Setup Considerations . . . . . . . . . . . . . . . . . . . . . . . . . . . . . . . . . . . 11-24
Beginning the Measurement . . . . . . . . . . . . . . . . . . . . . . . . . . . . . . 11-25
Making the Measurement . . . . . . . . . . . . . . . . . . . . . . . . . . . . . . . . 11-28
When the Measurement is Complete . . . . . . . . . . . . . . . . . . . . . . . 11-30
12.
AM Noise Measurement Fundamentals
What You’ll Find in This Chapter . . . . . . . . . . . . . . . . . . . . . . . . . . . . . 12-1
AM-Noise Measurement Theory of Operation . . . . . . . . . . . . . . . . . . . . 12-2
Basic Noise Measurement . . . . . . . . . . . . . . . . . . . . . . . . . . . . . . . . 12-2
Phase Noise Measurement . . . . . . . . . . . . . . . . . . . . . . . . . . . . . . . . 12-2
Amplitude Noise Measurement . . . . . . . . . . . . . . . . . . . . . . . . . . . . . . . 12-3
AM Noise Measurement Block Diagrams . . . . . . . . . . . . . . . . . . . . 12-3
AM Detector . . . . . . . . . . . . . . . . . . . . . . . . . . . . . . . . . . . . . . . . . . . 12-4
Calibration and Measurement General Guidelines . . . . . . . . . . . . . . . . . 12-6
Method 1:
User Entry of Phase Detector Constant . . . . . . . . . . . . . . . . . . . . . . 12-8
Method 1, example 1 . . . . . . . . . . . . . . . . . . . . . . . . . . . . . . . . . . . . 12-8
Method 1, Example 2 . . . . . . . . . . . . . . . . . . . . . . . . . . . . . . . . . . . 12-10
Method 2: Double-Sided Spur . . . . . . . . . . . . . . . . . . . . . . . . . . . . . . . 12-12
Method 2, Example 1 . . . . . . . . . . . . . . . . . . . . . . . . . . . . . . . . . . . 12-12
Method 2, Example 2 . . . . . . . . . . . . . . . . . . . . . . . . . . . . . . . . . . . 12-14
Method 3: Single-Sided-Spur . . . . . . . . . . . . . . . . . . . . . . . . . . . . . . . . 12-17
13.
AM Noise Measurement Examples
What You’ll Find in This Chapter . . . . . . . . . . . . . . . . . . . . . . . . . . . . . 13-1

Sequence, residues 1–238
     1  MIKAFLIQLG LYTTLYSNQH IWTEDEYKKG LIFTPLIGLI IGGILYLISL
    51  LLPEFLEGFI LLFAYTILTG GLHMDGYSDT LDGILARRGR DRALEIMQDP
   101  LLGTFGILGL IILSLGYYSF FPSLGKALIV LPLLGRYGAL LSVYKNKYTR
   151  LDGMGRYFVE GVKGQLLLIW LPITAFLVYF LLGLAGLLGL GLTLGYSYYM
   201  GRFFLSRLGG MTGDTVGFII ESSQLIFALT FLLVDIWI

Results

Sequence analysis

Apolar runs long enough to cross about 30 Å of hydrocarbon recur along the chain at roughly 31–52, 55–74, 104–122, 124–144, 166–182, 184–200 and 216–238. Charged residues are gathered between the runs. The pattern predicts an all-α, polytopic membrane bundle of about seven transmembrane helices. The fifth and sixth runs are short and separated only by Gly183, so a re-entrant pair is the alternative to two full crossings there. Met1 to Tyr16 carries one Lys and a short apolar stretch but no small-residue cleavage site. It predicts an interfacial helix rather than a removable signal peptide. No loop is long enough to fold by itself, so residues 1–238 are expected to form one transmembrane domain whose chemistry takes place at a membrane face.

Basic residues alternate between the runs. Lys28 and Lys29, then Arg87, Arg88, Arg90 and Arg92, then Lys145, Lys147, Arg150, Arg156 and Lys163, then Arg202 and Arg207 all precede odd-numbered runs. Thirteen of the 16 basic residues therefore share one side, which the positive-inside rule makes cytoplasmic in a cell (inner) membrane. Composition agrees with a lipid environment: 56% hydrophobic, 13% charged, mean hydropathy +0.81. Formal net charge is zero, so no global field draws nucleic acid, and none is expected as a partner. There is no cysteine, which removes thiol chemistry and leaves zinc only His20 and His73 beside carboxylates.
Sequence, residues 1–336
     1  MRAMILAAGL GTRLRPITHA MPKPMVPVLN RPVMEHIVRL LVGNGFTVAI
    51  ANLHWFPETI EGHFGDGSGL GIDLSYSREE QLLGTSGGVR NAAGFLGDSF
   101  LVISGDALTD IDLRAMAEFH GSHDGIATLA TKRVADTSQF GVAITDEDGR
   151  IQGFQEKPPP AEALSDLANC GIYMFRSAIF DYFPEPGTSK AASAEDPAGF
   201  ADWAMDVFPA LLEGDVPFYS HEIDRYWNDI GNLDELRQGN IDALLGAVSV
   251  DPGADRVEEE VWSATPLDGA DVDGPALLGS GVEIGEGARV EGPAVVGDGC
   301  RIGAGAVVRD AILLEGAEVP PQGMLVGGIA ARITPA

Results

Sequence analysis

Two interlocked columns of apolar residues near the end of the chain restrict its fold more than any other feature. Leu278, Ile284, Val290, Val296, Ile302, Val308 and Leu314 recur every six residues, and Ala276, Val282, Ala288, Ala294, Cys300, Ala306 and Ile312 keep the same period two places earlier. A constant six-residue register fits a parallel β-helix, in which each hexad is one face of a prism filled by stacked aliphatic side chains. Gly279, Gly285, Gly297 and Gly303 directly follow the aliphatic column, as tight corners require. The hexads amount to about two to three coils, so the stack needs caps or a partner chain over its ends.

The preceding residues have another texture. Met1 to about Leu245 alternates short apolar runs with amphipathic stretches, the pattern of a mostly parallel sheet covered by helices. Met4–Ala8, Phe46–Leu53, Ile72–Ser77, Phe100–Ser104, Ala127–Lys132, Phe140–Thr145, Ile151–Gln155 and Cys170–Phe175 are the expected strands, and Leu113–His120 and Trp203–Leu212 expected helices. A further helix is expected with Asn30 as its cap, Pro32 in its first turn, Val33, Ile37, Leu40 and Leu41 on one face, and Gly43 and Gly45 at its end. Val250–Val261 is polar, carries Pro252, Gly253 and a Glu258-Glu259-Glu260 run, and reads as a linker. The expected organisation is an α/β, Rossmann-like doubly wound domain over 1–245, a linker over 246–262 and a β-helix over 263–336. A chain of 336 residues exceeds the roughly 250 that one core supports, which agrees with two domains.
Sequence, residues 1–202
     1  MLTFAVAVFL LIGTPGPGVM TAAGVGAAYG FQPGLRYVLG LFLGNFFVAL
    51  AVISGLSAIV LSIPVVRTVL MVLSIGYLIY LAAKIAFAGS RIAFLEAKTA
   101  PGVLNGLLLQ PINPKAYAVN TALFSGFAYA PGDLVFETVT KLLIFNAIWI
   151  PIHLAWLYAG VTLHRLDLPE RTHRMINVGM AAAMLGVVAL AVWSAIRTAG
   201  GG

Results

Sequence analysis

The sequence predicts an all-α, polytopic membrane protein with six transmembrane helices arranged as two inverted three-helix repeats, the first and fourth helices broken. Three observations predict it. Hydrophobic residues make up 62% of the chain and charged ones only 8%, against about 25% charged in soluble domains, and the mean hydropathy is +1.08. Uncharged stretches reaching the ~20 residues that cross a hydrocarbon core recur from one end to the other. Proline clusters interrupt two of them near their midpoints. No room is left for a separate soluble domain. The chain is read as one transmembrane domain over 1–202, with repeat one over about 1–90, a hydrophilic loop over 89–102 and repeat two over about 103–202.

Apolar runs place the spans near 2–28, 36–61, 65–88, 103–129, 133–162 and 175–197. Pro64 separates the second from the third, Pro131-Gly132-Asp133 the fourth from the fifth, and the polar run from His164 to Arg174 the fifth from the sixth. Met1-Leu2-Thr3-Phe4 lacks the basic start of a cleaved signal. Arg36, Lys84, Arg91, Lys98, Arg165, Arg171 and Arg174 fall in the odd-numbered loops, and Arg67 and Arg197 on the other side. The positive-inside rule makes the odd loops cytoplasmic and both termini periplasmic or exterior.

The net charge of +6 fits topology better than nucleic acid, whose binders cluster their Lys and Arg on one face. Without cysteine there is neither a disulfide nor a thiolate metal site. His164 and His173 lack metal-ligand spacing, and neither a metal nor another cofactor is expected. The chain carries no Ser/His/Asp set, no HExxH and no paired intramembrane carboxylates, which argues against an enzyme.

AM Noise using an Agilent/HP 70420A Option 001 . . . . . . . . . . . . . . . 13-2
Defining the Measurement . . . . . . . . . . . . . . . . . . . . . . . . . . . . . . . . 13-3
Beginning the Measurement . . . . . . . . . . . . . . . . . . . . . . . . . . . . . . . 13-7
Making the Measurement . . . . . . . . . . . . . . . . . . . . . . . . . . . . . . . . . 13-9
When the Measurement is Complete . . . . . . . . . . . . . . . . . . . . . . . . 13-9
Agilent Technologies E5500 Phase Noise Measurement System -v
14.
Baseband Noise Measurement Examples
What You’ll Find in This Chapter . . . . . . . . . . . . . . . . . . . . . . . . . . . . .
Baseband Noise using a Test Set Measurement Example . . . . . . . . . . .
Defining the Measurement . . . . . . . . . . . . . . . . . . . . . . . . . . . . . . .
Beginning the Measurement . . . . . . . . . . . . . . . . . . . . . . . . . . . . . .
Making the Measurement . . . . . . . . . . . . . . . . . . . . . . . . . . . . . . . .
Baseband Noise without using a Test Set Measurement Example . . . .
Defining the Measurement . . . . . . . . . . . . . . . . . . . . . . . . . . . . . . .
Beginning the Measurement . . . . . . . . . . . . . . . . . . . . . . . . . . . . . .
Making the Measurement . . . . . . . . . . . . . . . . . . . . . . . . . . . . . . . .
15.
14-1
14-2
14-2
14-3
14-4
14-6
14-6
14-7
14-7
Evaluating Your Measurement Results
What You’ll Find in This Chapter . . . . . . . . . . . . . . . . . . . . . . . . . . . . . 15-1